Hashtags are essentially a keyword that you can add into your tweets. This makes it easier to find a list of tweets on a particular subject. A hashtag is created by adding a # before a word in your post, like this: #hashtag. You can then perform a search for #hashtag to see all the tweets people have used the particular tag in.
Hashtags were made popular back during the San Diego forest fires in 2007, when Nate Ritter began adding #sandiegofire to his tweets regarding the fire and the evacuation.
#hashtags can serve a purpose, but if overused can be somewhat frustrating to both your followers and the general Twitter community.
A lot can (and has) been said about hashtags. If you are going to use them, make sure you check out the Twitter Fan Wiki on Hashtags and then do some reading on this subject to make sure you are doing it properly.
Here are a few things to keep in mind when using Twitter
Tweet Reasonably Twitter was created to answer the question "What are you doing?" One of the worst things you can do is take that questions too seriously and start updating everyone every time you breathe. Not every passing moment is worthy of a tweet. Here's an example:
TwitterNewB getting ready to make a sandwich
TwitterNewB grabbing some mustard
TwitterNewB opening bread
TwitterNewB spreading mustard, adding lettuce
TwitterNewB adding turkey
TwitterNewB stacking tomato
TwitterNewB closing sandwich
TwitterNewB left a mess on the counter
If your tweets look anything like that, no one is going to follow you. A few (very few) people might be amused for a minute, but then they are going to unfollow you without hesitation. Why? because over tweeting clogs up the timeline. When you log into Twitter, you want to see what people are up to. If the last 50 tweets you received were all from the same person, you can't see anyone else.
Don't Leave A Mess On The Counter If you do find yourself making a sandwich, clean up after yourself. No one likes a slob.
Tweet Regularly You want your tweets to be consistent, otherwise your followers will forget you exist. Plus, if you aren't tweeting very often, your updates will just get buried by people who are.
Be Interesting Consistency is important, but you also want your tweets to be interesting, informative and (when possible) entertaining. Share a thought that passes through your mind. Let everyone know if you are going out, in case they feel like meeting you somewhere. If you are surfing the web and find something interesting (like a new Squidoo lens about Twitter, perhaps?) tweet that, because then you are sharing cool stuff that will make people look forward to your tweets.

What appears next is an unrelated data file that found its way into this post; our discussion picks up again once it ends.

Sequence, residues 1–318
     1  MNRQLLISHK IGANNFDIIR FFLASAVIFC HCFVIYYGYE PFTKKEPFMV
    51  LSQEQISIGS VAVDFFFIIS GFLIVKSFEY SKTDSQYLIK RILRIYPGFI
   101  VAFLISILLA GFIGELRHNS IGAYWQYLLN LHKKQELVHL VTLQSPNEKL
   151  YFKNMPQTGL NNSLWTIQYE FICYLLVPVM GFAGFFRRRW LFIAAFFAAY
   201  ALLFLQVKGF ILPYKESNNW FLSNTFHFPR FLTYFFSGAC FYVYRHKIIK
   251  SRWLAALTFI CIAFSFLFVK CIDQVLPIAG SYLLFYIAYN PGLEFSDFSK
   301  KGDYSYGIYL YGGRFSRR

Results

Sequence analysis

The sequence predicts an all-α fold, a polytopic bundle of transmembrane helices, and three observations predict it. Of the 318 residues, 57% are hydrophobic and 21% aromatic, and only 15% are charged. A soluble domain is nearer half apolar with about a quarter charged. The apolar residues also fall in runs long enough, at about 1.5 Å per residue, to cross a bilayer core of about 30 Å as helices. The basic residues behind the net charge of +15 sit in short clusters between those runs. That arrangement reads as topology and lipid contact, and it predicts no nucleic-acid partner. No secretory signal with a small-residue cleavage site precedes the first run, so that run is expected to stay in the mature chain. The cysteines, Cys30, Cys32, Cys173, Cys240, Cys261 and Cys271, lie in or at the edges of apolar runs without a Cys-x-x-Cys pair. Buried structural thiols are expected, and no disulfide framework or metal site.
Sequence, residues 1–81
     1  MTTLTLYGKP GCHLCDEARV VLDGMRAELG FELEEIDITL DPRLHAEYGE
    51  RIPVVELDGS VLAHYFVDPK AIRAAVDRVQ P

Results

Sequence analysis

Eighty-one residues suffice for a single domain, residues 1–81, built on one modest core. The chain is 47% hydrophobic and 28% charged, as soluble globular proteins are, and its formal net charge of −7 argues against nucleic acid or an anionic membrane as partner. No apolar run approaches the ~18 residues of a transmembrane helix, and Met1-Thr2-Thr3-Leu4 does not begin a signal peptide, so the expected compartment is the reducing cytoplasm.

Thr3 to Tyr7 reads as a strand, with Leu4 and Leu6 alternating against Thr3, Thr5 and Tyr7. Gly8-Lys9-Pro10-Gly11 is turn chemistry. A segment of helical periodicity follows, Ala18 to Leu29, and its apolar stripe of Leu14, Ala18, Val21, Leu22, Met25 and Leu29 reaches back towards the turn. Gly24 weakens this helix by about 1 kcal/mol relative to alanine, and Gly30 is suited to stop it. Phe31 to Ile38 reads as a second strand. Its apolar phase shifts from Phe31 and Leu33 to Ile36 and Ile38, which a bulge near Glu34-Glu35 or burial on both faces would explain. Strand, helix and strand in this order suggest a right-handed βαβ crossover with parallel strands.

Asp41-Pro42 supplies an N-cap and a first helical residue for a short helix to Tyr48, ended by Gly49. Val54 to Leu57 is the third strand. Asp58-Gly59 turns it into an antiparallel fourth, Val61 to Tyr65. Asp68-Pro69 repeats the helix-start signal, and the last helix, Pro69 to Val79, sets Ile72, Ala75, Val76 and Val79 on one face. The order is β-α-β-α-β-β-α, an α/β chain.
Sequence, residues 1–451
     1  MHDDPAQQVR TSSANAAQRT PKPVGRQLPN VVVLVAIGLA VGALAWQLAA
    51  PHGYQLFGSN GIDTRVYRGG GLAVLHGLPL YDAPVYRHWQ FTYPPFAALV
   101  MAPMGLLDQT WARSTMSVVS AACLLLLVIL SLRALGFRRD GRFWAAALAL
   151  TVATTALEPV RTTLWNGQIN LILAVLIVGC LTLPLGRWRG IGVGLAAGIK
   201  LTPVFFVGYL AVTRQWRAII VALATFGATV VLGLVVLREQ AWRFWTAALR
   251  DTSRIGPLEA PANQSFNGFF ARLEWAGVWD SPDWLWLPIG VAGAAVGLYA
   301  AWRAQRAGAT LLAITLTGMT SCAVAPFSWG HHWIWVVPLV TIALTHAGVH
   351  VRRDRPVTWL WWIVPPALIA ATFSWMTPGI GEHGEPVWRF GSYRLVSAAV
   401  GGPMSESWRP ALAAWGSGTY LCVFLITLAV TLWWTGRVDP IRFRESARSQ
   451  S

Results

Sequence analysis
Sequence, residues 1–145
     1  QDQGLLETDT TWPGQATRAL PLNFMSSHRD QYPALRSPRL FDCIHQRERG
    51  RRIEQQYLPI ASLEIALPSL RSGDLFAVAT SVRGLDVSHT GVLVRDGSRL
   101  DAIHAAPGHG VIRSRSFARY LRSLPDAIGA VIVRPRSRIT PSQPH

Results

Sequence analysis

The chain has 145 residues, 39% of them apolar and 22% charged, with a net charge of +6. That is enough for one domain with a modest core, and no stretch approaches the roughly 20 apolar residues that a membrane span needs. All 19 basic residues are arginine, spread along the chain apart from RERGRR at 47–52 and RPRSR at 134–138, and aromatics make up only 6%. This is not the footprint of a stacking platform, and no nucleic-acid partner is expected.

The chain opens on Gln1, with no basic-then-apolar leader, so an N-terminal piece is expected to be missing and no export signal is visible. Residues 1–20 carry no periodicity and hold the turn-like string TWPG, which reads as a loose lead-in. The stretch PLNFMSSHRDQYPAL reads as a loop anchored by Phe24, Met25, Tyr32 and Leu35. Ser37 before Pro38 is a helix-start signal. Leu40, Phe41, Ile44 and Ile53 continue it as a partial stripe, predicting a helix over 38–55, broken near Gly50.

Follow Selectively Also, don't go "follow-crazy." One of the first things people will notice about you on your profile page is how many people you have following you vs. how many people you are following. There are a lot of twitterers out there who's philosophy is to follow everyone under the sun in the hopes of getting a return follow, just for the sake of boosting their numbers. This is bad for two primary reasons:
- It makes you look needy. If they see that no one is interested in your tweets, why should they be?
- If you use Twitter for any sort of business or marketing, it really just makes you look like a spammer.
Choose who you follow carefully, and make sure they count.
Look In The Right Places When looking for new people to follow and connect with, look for people that you can be sure you will enjoy following. Do a search for a hobby of yours, check the public timeline to see who's been tweeting about the things you are interested in.
Look at the other people who are following someone with you. Odds are, if they are following the same person you are, they have some sort of common interest.